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Premier John Horgan says he’s disappointed that Ottawa has again approved the expansion of the Trans Mountain pipeline, and B.C. will continue with its court challenges.
“Although I regret the federal government’s decision it is within their authority to make that decision, it is now up to George and I and to make sure as this project proceeds will have no impact on our environment,” Horgan said, referring to B.C. Environment Minister George Heyman, during a news conference in Vancouver.
Horgan said B.C. will continue it reference case to the Supreme Court of Canada to determine whether the province has the power to pass legislation that would restrict the flow of additional oil from Alberta.
However, he said the province will issue permits to the Trans Mountain project if they are lawful and will not obstruct the project that way.
“As we issue permits, should the permits be lawfully sought, should the permits not be contravening any of the conditions put in place by either the National Energy Board or federal government, we will proceed in an appropriate manner,” said Horgan.
Horgan said he thinks even proponents of the pipeline would want him to continue to fight to ensure the marine response plan from the federal government is adequate for an oilspill.
Heyman said the government continues to find shortcomings in Ottawa’s plans to protect against the catastrophic effects of an oil spill in coastal waters.
“Let me say to British Columbians who value our environment, who cherish their coast, who expect their government to stand up for their interests, we will not abandon our responsibility to protect our land and water, we will continue to stand up and protect our environment and coast,” said Heyman.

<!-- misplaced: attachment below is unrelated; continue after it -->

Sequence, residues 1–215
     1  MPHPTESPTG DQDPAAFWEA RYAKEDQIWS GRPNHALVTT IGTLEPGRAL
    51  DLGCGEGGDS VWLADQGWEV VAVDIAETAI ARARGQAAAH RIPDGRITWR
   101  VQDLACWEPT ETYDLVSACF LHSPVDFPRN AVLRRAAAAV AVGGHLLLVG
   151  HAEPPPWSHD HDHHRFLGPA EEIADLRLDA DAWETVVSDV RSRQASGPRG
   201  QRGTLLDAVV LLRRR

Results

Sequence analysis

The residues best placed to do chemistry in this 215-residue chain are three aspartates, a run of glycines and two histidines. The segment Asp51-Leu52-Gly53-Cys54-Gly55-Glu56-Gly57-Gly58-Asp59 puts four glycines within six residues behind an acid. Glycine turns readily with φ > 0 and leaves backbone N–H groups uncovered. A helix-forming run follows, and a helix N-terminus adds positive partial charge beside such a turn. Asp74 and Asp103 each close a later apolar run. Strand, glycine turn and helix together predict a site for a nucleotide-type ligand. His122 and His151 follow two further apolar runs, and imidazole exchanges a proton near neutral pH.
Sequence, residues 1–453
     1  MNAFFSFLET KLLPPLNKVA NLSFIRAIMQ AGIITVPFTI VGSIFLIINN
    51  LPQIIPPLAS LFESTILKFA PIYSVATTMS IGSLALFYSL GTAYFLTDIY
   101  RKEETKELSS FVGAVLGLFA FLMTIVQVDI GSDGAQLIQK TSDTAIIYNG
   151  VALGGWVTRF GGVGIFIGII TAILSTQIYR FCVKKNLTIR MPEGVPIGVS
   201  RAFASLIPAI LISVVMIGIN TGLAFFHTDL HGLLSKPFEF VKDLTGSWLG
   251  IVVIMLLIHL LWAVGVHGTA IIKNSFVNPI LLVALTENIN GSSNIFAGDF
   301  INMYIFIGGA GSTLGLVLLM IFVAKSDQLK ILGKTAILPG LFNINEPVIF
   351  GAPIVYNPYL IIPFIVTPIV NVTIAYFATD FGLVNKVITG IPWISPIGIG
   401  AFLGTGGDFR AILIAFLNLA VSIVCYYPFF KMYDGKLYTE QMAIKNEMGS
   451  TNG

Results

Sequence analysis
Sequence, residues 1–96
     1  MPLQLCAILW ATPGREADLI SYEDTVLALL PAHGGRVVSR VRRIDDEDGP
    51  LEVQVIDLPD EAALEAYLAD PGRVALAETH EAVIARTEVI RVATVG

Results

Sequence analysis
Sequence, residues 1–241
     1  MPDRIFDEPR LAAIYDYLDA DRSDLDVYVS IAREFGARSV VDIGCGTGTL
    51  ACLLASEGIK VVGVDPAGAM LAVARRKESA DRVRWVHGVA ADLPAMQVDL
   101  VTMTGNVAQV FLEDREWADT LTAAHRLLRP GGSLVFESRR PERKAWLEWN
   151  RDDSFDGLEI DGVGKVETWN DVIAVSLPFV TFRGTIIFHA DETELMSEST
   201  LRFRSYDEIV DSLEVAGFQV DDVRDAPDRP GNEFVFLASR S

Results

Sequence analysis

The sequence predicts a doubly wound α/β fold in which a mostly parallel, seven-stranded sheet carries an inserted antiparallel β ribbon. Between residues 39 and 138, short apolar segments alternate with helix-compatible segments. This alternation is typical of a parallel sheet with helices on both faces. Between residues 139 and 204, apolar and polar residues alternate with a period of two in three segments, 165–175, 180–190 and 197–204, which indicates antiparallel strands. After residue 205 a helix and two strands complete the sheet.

Horgan said B.C. will examine future First Nations court challenges to the project and did not rule out joining them, saying they will be evaluated on a case-by-case basis.
B.C. was reacting to Ottawa’s decision Tuesday to approve a proposal to twin the existing Trans Mountain pipeline from near Edmonton to Burnaby.
Prime Minister Justin Trudeau said the pipeline will generate much-needed good-paying jobs, and will take into account the impact on salmon habitats, endangered killer whales.
“To British Columbians who worry about a spill, for example, we take your concerns very seriously,” Trudeau said Tuesday, adding he has “deep routes” in the province.
“Our top priority is making sure there’s no spill in the first place.”
Trudeau said construction would begin “this construction season” and that all revenue generated from the pipeline (more than $500 million a year when fully operational) would “be invested in Canada’s clean energy transition.”
“We will invest this money as well as any profits from the sale of the pipeline into clean energy projects that will power our homes businesses and communities for generations to come,” said Trudeau.
Trudeau also said he will launch a new phase of engagement to seek ways First Nations can share in the project, including an equity stake of up to 100 per cent or revenue sharing.
Horgan said he’s not convinced Ottawa will be making money on the pipeline any time soon after the upfront capital costs.